Lot 145. A Kashan pottery bottle vase with spouted neck, Persia, 13th century. Estimate 15,000 — 20,000 GBP. Lot sold 60,000 GBP. © Sotheby's.
the fritware body of globular form, tall thin neck and splayed mouth, decorated with three paired cobalt blue trails under a transparent glaze; 29.5cm.
Provenance: Ex-collection Harvey B. Plotnick.
Sotheby's London, 3 October 2012, lot 148.
Note: The use of fritware in Persia from the twelfth century onwards equipped craftsmen with the means to create finer ceramic wares without the need for an opaque white glaze (Pancaroğlu 2007, p.90). The cobalt blue trails form a striking, almost luminous, detail under the transparent glaze on this ewer, establishing a cohesive design across its body. Yet it is a notably more minimalist design when compared to later wares. According to Pancaroğlu, similar dashes found on ceramics “may have been intended as an apotropaic ‘imperfection’ to protect the alluring, yet delicate, vessel from the harms of the “evil eye”” (Pancaroğlu 2007, pp.90-91, no.48). A vase with a similar paired stripe design is currently in the Arthur M. Sackler Gallery, Washington D.C. (inv.no.S1997.116).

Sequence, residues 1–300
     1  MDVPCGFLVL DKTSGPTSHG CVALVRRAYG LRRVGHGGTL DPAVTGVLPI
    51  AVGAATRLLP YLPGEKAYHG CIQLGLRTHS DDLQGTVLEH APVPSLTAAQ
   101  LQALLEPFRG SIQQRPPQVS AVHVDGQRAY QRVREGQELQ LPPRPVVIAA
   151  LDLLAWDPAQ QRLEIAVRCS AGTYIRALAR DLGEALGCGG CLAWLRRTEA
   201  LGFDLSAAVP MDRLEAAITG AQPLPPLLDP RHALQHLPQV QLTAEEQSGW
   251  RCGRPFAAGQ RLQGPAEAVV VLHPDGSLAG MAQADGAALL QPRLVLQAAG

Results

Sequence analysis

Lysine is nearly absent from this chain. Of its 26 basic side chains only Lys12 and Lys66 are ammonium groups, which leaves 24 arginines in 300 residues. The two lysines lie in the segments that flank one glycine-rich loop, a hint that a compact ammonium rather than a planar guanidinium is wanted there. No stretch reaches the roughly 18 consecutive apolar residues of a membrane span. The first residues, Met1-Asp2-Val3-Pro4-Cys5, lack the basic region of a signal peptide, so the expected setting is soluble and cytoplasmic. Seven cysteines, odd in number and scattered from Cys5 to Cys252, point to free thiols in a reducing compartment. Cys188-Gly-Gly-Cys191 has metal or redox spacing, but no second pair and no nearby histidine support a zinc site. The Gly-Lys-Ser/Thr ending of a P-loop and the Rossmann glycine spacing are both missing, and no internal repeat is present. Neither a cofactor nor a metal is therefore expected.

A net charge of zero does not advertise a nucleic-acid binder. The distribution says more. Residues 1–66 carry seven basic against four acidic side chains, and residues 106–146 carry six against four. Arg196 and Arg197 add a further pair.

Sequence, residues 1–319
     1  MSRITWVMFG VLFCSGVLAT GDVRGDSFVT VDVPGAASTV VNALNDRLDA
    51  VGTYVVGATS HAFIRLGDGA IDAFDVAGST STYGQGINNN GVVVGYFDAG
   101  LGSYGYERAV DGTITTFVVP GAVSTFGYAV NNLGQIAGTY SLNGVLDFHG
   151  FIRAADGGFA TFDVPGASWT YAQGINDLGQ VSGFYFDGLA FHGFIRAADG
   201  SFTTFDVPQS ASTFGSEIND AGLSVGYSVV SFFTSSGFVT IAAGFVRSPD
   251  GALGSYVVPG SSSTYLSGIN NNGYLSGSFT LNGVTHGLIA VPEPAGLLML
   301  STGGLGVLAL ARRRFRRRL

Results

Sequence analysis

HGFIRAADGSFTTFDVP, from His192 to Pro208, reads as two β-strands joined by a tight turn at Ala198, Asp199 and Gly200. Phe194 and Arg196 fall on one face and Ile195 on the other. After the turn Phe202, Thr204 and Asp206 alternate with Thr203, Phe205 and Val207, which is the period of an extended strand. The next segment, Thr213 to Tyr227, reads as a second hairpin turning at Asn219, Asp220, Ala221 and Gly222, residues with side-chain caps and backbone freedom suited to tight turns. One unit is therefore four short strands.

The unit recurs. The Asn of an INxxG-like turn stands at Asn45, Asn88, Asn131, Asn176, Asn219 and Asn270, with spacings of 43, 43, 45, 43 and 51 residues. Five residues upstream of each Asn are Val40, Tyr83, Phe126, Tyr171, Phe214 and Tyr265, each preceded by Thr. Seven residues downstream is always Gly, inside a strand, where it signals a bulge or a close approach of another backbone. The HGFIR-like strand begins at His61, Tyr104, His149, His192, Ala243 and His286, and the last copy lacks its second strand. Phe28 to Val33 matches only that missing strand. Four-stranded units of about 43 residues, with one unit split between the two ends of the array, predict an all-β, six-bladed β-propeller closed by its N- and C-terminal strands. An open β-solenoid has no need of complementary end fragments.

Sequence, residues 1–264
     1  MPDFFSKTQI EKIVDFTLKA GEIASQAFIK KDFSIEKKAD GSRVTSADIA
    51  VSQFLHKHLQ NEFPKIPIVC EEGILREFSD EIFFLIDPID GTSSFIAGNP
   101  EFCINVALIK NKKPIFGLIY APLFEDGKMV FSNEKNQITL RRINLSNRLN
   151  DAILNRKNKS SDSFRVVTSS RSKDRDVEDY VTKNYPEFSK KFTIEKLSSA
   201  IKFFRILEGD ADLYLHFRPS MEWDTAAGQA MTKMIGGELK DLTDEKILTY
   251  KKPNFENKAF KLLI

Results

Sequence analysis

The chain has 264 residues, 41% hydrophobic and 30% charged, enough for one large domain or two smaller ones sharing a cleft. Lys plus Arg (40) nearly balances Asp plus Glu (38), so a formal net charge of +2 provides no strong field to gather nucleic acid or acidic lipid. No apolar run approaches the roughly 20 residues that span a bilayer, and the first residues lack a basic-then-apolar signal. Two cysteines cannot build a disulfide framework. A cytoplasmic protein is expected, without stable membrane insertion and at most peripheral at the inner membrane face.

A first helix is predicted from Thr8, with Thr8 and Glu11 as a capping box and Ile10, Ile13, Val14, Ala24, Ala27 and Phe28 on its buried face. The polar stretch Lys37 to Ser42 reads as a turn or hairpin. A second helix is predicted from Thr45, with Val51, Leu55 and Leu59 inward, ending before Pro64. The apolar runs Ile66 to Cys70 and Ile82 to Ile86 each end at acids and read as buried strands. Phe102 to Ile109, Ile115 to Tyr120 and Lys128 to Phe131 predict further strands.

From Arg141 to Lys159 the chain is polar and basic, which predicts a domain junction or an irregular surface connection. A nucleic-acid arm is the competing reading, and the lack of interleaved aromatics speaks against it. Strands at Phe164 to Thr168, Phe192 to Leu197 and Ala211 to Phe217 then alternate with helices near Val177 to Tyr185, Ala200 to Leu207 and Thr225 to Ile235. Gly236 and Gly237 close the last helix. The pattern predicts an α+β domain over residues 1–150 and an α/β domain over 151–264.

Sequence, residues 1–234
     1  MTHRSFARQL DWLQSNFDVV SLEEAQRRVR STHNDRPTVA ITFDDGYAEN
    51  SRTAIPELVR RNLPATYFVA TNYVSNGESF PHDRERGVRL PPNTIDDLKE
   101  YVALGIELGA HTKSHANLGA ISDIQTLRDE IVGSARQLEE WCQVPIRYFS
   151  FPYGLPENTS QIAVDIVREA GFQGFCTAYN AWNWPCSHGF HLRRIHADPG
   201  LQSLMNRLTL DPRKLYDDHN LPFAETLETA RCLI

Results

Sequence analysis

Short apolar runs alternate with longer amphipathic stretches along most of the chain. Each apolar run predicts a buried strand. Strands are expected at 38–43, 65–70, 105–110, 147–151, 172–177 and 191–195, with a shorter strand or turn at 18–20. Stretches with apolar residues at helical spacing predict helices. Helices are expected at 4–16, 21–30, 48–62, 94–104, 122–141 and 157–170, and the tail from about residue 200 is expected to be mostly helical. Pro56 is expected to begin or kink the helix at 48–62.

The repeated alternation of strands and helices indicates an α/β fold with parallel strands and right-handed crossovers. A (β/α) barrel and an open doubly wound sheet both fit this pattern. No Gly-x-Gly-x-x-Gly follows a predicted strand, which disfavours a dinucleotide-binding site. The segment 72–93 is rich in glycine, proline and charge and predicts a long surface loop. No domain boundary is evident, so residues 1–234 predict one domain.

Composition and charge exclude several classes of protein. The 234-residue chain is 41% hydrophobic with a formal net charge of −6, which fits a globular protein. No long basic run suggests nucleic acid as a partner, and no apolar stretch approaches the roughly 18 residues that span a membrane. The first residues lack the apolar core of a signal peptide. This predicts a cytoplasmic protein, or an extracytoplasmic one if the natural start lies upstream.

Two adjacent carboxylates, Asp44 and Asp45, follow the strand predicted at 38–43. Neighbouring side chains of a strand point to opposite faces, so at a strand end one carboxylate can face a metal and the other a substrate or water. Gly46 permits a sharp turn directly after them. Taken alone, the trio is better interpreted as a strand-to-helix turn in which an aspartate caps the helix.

Vase, Iran, Kashan, late 12th-early 13th century. Stone-paste painted under glaze. H x W x D: 17.8 x 11.1 x 11.1 cm (7 x 4 3/8 x 4 3/8 in). Gift of Osborne and Gratia Hauge. Arthur M. Sackler Gallery, S1997.116 © 2017 Smithsonian Institution
Sotheby's. Arts of the Islamic World, London, 25 oct. 2017, 10:30 AM